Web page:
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A prime rich sequence???

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  • Kermit Rose
    3 = 2 + 1 5 = 2^2 + 1 7 = 2^2 + 2 + 1 11 = 2^3 + 2 + 1 13 = 2^3 + 2^2 + 1 17 = 2^4 + 1 3 + 1 = 2 * 2 3^2 + 1 = 2 * 5 3^2 + 3 + 1 = 13 = prime 3^3 + 3 + 1 = 31
    Message 1 of 2 , Nov 29, 2006
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      3 = 2 + 1
      5 = 2^2 + 1
      7 = 2^2 + 2 + 1
      11 = 2^3 + 2 + 1
      13 = 2^3 + 2^2 + 1
      17 = 2^4 + 1

      3 + 1 = 2 * 2
      3^2 + 1 = 2 * 5
      3^2 + 3 + 1 = 13 = prime
      3^3 + 3 + 1 = 31 = prime
      3^3 + 3^2 + 1 = 37 = prime
      3^4 + 1 = 2 * 41

      4 + 1 = 5 = prime
      4^2 + 1 = 17 = prime
      4^2 + 4 + 1 = 3 * 7 ; 2^2 + 2 + 1 = 7
      4^3 + 4 + 1 = 3 * 23 ; 2^3 + 2 + 1 is neither 23 nor 3.
      4^3 + 4^2 + 1 = 3^4
      4^4 + 1 = 257 = prime

      5+1 = 2 * 3
      5^2 + 1 = 2 * 13
      5^2 + 5 + 1 = 31 = prime
      5^3 + 5 + 1 = 131 = prime
      5^3 + 5^2 + 1 = 151 = prime

      6 + 1 = 7 = prime
      6^2 + 1 = 37 = prime
      6^2 + 6 + 1 = 43 = prime
      6^3 + 6 + 1 = 223 = prime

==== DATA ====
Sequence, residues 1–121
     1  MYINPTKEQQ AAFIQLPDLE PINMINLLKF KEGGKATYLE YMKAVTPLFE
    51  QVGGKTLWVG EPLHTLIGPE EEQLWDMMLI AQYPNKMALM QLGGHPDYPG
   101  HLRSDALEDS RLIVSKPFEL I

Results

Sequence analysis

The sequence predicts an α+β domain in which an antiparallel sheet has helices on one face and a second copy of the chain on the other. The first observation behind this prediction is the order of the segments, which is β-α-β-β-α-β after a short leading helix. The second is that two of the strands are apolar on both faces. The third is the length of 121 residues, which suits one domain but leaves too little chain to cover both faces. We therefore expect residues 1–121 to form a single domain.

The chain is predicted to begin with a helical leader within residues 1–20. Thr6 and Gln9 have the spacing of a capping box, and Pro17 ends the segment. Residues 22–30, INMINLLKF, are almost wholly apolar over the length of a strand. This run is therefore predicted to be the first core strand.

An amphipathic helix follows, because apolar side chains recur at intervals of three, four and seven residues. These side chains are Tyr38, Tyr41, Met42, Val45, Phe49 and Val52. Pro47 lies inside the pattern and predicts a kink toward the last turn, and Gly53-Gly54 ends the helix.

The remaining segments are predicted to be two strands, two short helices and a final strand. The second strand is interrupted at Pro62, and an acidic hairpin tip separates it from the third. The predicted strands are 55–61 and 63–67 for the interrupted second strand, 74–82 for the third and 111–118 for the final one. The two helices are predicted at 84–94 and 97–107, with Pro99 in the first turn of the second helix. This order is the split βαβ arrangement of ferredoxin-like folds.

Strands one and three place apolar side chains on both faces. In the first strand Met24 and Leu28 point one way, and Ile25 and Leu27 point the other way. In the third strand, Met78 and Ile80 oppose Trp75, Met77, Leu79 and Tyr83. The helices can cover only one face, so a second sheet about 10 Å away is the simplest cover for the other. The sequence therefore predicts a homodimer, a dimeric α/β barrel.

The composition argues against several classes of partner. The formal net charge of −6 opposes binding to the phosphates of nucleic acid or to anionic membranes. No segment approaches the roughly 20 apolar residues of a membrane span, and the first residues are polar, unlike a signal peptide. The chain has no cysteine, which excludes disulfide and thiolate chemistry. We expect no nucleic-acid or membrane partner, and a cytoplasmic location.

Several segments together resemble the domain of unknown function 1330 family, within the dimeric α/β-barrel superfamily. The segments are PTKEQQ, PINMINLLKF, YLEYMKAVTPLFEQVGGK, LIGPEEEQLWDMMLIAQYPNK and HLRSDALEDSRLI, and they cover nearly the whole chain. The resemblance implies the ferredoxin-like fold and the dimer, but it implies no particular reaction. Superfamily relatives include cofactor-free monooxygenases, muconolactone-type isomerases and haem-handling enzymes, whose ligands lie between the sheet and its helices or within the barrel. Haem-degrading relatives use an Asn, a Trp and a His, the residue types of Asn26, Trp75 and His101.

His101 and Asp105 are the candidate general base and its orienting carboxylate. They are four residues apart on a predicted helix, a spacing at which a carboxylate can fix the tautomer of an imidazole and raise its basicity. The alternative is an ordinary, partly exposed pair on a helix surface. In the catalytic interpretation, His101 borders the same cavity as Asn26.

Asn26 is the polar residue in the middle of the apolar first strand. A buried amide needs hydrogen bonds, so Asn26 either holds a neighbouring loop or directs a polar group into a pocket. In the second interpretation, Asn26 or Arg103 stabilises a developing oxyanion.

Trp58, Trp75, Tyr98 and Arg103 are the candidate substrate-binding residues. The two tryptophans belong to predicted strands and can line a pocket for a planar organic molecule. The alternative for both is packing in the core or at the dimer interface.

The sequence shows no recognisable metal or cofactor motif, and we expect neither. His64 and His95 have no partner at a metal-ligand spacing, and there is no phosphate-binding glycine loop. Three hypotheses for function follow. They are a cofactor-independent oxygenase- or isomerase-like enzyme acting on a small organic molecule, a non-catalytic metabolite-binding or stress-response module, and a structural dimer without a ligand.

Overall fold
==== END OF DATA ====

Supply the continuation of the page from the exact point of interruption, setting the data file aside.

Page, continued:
6^3 + 6^2 + 1 = 11 * 23 ; 2^3 + 2^2 + 1 = 11

      Does the prime richness extend to larger numbers, or is this an illusion
      of small primes?

      Kermit < kermit@... >
    • Joshua Zucker
      I don t think these are particularly good prime-generating polynomials you ve found. Perhaps they are quite good given the smallness of the coefficients,
      Message 2 of 2 , Nov 30, 2006
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        I don't think these are particularly good prime-generating polynomials
        you've found. Perhaps they are quite good given the smallness of the
        coefficients, though! Most of the examples below have much larger
        coefficients than just 0 and 1.

        For some really excellent ones, take a look at
        http://mathworld.wolfram.com/Prime-GeneratingPolynomial.html
        http://www.maa.org/editorial/mathgames/mathgames_07_17_06.html
        or toward the bottom of
        http://euler.free.fr/contest/PGPReport.htm
        where they give polynomials both with integer and rational coefficients,
        and which give lots of consecutive primes,
        or which give a relatively high proportion of primes in some range
        like x = 0 to 1000 ...

        --Joshua Zucker
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